22 January 2018

Zimbabwe: Industry Blames Economy for Filthy Hotels

The country's hospitality industry has vowed to act after it was condemned over filthy "five-star" hotels where guests often endure unchanged linen and bed-sheets reeking of cigarette smoke.

Speaking while launching a $15m tourism development facility in Harare last week, Reserve Bank of Zimbabwe (RBZ) governor John Mangudya lamented the collapse of service standards and the neglect of infrastructure in the sector.

"You need to improve your hotels and safaris," he said.

"I won't say which hotels, the beds are old, the sheets are old, I think they have old been changed because they were smelling too much cigarettes."

Responding, Hospitality Association of Zimbabwe (HAZ) president, Innocent Manyera, conceded that infrastructure was not in the best shape but blamed an inclement operating environment.

In an interview with NewZimbabwe.com, Manyera - general manager at the Chinhoyi University of Technology (CUT) Group of Hotels - said the sector had also been hit hard by the country's economic problems.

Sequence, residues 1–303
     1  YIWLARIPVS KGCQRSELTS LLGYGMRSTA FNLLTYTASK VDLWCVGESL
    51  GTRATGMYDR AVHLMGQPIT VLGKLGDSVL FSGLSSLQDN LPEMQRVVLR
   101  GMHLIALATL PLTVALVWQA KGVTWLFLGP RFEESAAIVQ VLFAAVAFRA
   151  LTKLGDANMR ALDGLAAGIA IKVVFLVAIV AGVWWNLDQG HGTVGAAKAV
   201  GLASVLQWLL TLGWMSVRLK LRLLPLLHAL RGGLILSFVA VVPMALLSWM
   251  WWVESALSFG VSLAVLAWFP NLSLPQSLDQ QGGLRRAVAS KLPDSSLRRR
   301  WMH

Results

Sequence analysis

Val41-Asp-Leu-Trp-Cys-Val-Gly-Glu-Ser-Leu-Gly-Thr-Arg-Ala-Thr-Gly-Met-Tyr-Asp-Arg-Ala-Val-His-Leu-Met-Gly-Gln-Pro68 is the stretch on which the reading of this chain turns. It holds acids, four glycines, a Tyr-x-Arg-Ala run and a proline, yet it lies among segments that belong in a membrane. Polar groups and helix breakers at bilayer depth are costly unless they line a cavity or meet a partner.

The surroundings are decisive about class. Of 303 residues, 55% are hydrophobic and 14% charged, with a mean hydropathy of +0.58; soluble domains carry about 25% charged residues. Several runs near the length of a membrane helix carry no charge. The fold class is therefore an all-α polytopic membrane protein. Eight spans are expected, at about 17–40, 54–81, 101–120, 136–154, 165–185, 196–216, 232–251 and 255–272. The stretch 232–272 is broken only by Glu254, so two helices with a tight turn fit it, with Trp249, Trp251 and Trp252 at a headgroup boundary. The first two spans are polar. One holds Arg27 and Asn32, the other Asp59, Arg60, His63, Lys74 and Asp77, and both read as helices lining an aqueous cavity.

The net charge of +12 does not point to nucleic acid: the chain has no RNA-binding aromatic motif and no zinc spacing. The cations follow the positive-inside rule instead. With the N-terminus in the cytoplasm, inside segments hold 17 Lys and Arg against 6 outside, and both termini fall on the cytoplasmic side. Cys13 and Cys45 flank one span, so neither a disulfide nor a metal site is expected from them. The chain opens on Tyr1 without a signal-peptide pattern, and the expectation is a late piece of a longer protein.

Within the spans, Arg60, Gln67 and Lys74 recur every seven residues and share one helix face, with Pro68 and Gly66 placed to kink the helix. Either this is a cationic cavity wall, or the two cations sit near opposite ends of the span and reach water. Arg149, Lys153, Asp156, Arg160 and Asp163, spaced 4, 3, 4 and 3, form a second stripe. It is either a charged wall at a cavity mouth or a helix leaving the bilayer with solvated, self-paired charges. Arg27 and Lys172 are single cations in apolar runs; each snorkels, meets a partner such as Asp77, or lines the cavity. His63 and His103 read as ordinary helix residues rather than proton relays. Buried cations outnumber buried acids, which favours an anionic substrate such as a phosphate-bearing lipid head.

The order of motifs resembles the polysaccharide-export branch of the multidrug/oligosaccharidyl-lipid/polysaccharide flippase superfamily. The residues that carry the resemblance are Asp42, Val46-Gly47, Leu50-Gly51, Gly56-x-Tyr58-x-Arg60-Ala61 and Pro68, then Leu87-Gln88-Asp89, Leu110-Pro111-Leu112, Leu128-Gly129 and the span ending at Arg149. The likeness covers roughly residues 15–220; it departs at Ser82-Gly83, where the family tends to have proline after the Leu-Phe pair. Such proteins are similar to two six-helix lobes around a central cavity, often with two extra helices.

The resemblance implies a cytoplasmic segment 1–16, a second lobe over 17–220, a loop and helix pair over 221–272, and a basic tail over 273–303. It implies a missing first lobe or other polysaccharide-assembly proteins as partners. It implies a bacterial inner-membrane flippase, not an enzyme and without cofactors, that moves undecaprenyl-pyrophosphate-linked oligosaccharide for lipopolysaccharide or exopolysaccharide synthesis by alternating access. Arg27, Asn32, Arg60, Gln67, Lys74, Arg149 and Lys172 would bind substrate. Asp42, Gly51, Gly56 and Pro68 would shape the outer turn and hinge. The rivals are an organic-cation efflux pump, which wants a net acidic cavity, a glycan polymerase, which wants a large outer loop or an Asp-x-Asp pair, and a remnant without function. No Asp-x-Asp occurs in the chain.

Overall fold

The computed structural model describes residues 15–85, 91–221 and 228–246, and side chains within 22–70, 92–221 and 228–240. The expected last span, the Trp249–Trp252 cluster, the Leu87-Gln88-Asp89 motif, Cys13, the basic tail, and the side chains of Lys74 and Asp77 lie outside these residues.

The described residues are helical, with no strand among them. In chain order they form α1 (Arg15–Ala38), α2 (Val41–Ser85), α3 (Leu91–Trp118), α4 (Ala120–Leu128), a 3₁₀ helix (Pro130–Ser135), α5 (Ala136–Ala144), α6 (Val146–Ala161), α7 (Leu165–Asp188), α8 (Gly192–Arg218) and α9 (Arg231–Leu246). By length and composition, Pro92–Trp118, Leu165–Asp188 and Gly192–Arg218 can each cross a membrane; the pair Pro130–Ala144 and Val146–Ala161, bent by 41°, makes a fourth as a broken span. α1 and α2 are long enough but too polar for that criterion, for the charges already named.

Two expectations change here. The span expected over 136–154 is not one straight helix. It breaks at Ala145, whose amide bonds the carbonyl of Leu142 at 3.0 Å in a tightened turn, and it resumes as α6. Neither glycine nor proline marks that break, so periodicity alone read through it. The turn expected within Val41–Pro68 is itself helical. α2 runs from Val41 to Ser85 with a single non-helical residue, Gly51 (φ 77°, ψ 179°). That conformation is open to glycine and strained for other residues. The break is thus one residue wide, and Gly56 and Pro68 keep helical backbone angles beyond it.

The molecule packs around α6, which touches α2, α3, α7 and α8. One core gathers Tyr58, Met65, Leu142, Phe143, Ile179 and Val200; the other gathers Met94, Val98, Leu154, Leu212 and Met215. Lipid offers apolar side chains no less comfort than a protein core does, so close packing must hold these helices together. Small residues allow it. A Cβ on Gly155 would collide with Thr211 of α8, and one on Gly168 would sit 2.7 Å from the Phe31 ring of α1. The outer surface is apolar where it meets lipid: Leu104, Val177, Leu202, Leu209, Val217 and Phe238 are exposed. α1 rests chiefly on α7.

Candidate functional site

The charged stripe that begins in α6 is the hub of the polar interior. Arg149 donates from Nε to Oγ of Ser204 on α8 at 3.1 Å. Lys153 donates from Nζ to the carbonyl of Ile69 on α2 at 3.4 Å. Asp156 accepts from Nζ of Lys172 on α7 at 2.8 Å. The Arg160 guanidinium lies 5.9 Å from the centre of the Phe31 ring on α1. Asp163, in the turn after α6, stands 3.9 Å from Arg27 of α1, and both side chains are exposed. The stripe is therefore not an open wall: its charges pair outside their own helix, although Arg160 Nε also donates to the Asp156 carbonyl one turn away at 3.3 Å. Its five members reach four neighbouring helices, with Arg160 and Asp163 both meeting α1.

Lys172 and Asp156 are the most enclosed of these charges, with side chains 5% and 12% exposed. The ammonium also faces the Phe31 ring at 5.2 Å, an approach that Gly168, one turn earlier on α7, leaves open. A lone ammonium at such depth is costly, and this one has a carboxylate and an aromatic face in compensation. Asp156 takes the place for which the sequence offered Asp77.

"Without proper funding operators were concentrating servicing business without much effort on infrastructure and other facilities of capital expenditure in nature," he said Manyera who is also general manager for the Chinhoyi University of Technology (CUT) Group of Hotels.

"Cigarette smoke affects (hotel) walls and rooms as they will smell tobacco if not regularly painted of which, without financial resources, that may be a challenge for some of the (industry) players.

He said the facility provided by the RBZ would help hoteliers improve facilities.

"Not replacing beds with new ones isn't, actually, a habit. "We welcome the 15m fund and it will help address this."

Zimbabwe Council for Tourism (ZCT) president Tichaona Hwingwiri added; "Yes, the RBZ loan facility has come at a good time.

"We hope it will help us to improve the conditions of our hotels. On linen yes, I can confirm that bed sheets must be changed after 18 months and most of hotels have been doing that.

"Beds life span is generally five years and with the availability of the $15 million facility, this will no longer be a big challenge for our players."


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